Teppanyaki with an eye on health

Updated: 2011-01-24 09:27

By Li Xinzhu (China Daily)

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Teppanyaki with an eye on health
The restaurant's warm, eco-friendly ambience is great for reunion
 gatherings. Yong Kai / for China Daily

Teppanyaki with an eye on health


Teppanyaki with an eye on health

Greenhouse restaurant sits on a quiet street in Hongqiao, one of the busiest commercial districts in Shanghai where many expatriate businessmen gather. The owner of the restaurant himself is from Taiwan.

Wu Caixiong, 58, opened Greenhouse six years ago in his first attempt at the food and beverage trade, and he has been rewarded with recognition from the foodies in his neighborhood.

Wu has great ideas on healthy cuisine, and he has brought these even to the teppanyaki grill. For example, instead of the traditional butter used on the hot plate, the restaurant uses tea oil, extracted from the tea camellia seeds, a very high-grade oil.

"It's much better for health," says Peng Huaiwei, deputy manager of the restaurant.

There is also a special salt Greenhouse uses that is imported from Bolivia, rose-colored crystals that are very rare.

"It can bring out the best taste of ingredients," says Gao Naijing, the head chef who has more than 20 years experience at the teppanyaki grill.

"We place a lot of emphasis on high-fiber content and low-fat food."

Quality is the emphasis, and for a premium price of 1,420 yuan ($216), diners can enjoy Australian lobster, French foie gras and top-grade steak. Not all set meals cost that much, and prices start at an affordable 360 yuan.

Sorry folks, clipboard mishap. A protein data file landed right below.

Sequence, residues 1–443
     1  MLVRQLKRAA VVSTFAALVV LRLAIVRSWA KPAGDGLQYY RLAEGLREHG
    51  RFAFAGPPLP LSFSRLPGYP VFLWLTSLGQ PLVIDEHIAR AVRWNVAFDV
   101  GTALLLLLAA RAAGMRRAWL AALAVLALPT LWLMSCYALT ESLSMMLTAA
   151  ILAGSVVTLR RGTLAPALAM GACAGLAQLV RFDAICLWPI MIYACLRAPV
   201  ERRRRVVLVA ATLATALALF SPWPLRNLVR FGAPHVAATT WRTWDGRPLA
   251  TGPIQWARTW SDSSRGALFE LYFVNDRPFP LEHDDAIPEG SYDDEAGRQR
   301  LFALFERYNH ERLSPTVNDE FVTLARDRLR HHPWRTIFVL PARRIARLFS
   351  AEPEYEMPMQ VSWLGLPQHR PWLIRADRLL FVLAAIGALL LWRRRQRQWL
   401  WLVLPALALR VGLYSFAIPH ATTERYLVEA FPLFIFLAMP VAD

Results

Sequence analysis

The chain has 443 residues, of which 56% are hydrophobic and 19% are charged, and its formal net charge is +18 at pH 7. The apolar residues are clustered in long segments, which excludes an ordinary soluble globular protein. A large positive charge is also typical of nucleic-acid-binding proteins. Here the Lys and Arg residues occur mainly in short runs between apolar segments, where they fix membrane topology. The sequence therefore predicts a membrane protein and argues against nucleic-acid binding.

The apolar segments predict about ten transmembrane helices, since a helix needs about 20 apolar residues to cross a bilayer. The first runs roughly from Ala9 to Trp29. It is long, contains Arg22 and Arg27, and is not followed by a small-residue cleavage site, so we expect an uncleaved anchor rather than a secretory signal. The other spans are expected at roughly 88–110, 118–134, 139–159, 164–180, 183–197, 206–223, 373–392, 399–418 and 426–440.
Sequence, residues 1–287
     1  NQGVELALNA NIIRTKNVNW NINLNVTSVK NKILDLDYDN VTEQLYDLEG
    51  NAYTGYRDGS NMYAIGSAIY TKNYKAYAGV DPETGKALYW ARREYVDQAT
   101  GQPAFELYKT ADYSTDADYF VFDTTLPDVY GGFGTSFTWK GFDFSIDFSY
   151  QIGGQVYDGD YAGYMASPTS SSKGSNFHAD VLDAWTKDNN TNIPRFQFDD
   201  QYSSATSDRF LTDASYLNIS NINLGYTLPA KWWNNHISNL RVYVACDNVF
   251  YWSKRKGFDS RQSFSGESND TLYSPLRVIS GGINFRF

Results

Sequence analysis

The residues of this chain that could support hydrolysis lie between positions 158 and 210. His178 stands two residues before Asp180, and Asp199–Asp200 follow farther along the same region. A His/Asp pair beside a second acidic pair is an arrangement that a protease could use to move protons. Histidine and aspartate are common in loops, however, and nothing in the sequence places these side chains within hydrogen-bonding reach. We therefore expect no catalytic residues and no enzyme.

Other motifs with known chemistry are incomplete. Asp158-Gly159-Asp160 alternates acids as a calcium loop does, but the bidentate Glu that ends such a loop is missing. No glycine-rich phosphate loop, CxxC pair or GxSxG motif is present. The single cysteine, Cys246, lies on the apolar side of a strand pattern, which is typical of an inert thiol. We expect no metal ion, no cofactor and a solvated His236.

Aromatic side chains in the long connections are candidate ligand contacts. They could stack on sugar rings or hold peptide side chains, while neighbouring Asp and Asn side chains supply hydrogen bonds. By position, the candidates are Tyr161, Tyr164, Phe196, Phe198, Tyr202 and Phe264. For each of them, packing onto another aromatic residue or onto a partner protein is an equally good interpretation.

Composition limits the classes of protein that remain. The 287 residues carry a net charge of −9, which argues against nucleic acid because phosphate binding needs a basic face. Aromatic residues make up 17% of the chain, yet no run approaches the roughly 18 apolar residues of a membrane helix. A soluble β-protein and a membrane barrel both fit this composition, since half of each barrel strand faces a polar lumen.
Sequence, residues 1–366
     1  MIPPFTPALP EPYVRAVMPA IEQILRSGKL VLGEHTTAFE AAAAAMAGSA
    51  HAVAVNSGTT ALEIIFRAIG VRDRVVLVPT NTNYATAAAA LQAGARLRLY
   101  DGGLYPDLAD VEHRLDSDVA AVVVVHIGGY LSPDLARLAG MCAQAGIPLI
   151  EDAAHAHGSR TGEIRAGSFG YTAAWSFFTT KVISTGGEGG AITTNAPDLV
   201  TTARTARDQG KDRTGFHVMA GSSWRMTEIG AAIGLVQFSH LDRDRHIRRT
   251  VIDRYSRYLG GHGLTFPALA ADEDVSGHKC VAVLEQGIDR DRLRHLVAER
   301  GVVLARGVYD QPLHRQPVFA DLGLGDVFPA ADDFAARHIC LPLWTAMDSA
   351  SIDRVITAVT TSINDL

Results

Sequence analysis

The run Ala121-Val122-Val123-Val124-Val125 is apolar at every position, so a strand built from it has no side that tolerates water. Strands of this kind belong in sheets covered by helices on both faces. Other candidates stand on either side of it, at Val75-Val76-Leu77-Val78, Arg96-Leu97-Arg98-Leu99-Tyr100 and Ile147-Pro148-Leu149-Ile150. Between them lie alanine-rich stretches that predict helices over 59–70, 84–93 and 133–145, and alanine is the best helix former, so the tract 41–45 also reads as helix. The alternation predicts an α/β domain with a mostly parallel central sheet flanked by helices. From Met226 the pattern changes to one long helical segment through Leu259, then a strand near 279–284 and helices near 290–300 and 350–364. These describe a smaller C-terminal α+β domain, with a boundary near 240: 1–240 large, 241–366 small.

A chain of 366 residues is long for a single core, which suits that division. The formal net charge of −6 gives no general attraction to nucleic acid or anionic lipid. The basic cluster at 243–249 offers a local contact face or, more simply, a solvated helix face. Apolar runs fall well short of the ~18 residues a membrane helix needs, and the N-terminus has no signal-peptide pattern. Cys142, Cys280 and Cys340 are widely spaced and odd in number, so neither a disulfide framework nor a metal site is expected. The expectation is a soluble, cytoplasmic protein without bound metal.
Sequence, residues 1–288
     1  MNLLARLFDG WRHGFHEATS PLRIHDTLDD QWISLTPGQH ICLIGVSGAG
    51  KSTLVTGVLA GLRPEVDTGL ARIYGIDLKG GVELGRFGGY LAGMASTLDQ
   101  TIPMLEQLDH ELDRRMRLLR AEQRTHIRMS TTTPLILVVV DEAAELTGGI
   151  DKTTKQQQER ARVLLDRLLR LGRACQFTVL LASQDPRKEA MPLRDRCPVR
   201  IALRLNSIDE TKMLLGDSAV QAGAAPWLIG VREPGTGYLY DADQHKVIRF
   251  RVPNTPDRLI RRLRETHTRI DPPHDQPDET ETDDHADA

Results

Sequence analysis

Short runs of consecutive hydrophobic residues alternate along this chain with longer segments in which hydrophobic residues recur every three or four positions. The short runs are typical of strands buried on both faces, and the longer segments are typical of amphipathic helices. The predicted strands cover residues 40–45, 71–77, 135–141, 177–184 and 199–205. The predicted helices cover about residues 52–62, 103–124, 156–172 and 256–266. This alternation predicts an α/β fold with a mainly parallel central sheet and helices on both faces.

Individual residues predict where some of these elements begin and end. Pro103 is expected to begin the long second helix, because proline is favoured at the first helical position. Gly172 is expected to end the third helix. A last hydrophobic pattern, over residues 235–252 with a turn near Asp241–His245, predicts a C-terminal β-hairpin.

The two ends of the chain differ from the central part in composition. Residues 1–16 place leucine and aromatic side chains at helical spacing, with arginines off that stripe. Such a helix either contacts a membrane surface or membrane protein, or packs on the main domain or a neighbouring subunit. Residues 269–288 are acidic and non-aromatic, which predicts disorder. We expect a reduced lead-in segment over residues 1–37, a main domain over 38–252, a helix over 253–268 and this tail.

The mushroom soup was singled out by the chef as a stellar example of the restaurant's healthy approach to good-eating. Instead of using cream and flour, the traditional thickening agents, the chef uses a rice milk to reduce the fat content while retaining the richness of the flavors.

A special salad of mountain yam (burdock), lotus and raisins is doused in a special dressing - and proving extremely popular with diners who believe that it can help reduce blood sugar.

Greenhouse may be an unusual destination for a reunion dinner gathering this year, but more and more people in Shanghai are eating out for that all-important meal.

Greenhouse is already 70 percent booked for Lunar New Year eve, and the restaurant is responding to the good demand with elegant gift sets for customers over 60 - little bottles of home-made XO sauce and Bolivian rose salt crystals.

The restaurant's warm, eco-friendly ambience will also be a soothing setting for the reunion gatherings.

Much of its dcor is Bali-inspired with plenty of water features, potted plants and little bridges.

Comfortable cherry wood chairs with black leather seats and randomly scattered pieces of antique furniture add to the low-key luxury.


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